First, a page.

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YMMV: Zero Punctuation
  • 8.8: He doesn't care if everyone else liked it, if Yahtzee doesn't like a game, he shouts it from the rooftops, backlash be damned. He states he's able to get away with panning a game because he doesn't get strongarmed into giving poor games rave reviews.
  • Acceptable Targets: Swindon, George Lucas, generic military first person shooters (Nicknamed "Spunkgargleweewee" after Medal of Honor Warfighter) and others.
    • Nintendo and their franchises gets ripped a lot too, largely for what he sees as "gimmicky motion controls" and a lack of innovation in main franchises (he has said positive things about certain games like the Wind Waker). However, it's also very Zig-Zagged in the Eighth Generation of Consoles. He will still rail on Nintendo for their practices, but he's praised the Wii U the most of the eighth generation because it's been for him the only gaming console that wants to function AS a gaming console, rather than an inferior PC.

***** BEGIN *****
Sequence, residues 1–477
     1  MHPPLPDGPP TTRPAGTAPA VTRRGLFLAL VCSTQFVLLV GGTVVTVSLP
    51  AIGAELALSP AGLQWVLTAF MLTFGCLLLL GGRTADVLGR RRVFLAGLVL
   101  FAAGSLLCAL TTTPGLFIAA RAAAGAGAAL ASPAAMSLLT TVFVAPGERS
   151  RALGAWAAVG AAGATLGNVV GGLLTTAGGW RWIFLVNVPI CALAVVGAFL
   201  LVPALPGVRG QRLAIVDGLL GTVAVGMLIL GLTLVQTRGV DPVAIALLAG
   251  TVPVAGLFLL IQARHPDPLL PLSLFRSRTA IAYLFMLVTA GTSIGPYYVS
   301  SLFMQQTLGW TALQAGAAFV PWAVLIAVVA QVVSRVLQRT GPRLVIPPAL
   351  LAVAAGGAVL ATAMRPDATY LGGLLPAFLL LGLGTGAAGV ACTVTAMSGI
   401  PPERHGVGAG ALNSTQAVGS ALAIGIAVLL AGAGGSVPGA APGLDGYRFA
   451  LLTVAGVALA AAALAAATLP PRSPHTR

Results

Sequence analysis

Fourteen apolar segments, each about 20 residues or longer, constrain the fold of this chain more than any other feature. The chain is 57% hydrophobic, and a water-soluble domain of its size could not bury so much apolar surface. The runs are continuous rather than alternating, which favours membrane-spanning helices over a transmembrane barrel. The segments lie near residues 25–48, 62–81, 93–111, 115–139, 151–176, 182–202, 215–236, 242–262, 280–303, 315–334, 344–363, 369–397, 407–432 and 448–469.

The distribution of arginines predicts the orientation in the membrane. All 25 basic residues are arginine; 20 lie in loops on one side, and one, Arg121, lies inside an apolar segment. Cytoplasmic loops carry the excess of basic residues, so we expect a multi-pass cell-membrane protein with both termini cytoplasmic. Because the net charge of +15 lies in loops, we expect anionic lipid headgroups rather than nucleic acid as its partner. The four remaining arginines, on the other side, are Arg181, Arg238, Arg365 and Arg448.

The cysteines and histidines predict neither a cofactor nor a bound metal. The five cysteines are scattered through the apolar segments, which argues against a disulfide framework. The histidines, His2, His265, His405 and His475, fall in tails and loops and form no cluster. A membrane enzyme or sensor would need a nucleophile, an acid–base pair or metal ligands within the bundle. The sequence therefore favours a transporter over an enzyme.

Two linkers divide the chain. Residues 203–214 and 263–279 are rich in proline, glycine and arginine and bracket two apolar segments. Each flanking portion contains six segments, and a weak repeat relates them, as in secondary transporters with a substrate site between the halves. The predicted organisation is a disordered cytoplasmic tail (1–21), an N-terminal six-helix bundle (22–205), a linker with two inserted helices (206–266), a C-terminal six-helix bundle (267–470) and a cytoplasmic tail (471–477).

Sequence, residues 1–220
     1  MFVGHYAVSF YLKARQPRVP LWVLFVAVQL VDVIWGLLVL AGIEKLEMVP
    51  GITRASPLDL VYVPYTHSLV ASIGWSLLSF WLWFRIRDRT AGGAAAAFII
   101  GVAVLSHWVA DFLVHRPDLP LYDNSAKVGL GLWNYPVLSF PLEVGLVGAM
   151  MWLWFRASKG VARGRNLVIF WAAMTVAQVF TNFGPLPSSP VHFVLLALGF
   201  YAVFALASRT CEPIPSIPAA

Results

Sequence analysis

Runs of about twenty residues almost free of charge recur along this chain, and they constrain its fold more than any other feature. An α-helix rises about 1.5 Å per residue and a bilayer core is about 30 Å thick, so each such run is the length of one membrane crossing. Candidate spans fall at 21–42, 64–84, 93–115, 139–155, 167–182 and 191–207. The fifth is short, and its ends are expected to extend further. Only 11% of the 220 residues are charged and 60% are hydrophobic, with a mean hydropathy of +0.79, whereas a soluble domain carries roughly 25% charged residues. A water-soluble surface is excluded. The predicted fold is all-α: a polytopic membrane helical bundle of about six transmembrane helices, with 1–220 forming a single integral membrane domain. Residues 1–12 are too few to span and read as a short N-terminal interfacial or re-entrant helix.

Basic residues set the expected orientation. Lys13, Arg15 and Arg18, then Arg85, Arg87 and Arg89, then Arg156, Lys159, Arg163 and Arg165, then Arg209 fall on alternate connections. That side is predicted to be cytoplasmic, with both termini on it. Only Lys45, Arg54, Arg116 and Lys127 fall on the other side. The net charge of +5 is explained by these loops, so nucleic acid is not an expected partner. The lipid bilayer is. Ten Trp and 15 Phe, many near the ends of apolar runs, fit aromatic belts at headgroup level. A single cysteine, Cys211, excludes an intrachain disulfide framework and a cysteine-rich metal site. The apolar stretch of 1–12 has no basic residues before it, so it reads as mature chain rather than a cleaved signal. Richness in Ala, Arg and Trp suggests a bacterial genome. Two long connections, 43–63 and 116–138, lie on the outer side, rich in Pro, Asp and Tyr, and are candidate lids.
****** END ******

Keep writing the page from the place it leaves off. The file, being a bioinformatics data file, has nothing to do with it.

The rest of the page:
• He frequently takes shots at America, especially the political right and ironically, the British whenever he gets the chance.
    • By extension of George Lucas, Star Wars never receives any kind words from Yahtzee (Who, outside of saying he liked Empire, A New Hope and the original KOTOR has admitted he hates the series) to the point of going into Bias Steamroller. His Extra Punctuation article "Why Do We Even Care About Star Wars" is rather blatant in this regard, making one wonder if it wasn't called "Why Yahtzee Bothers With Star Wars" instead.
    • Nazis, as noted in his review of Sniper Elite V2. To sum up: They're basically the ultimate acceptable targets, and no matter how gory the kills are, you'll never feel bad, because they're Nazis!
  • Big Lipped Alligator Moment: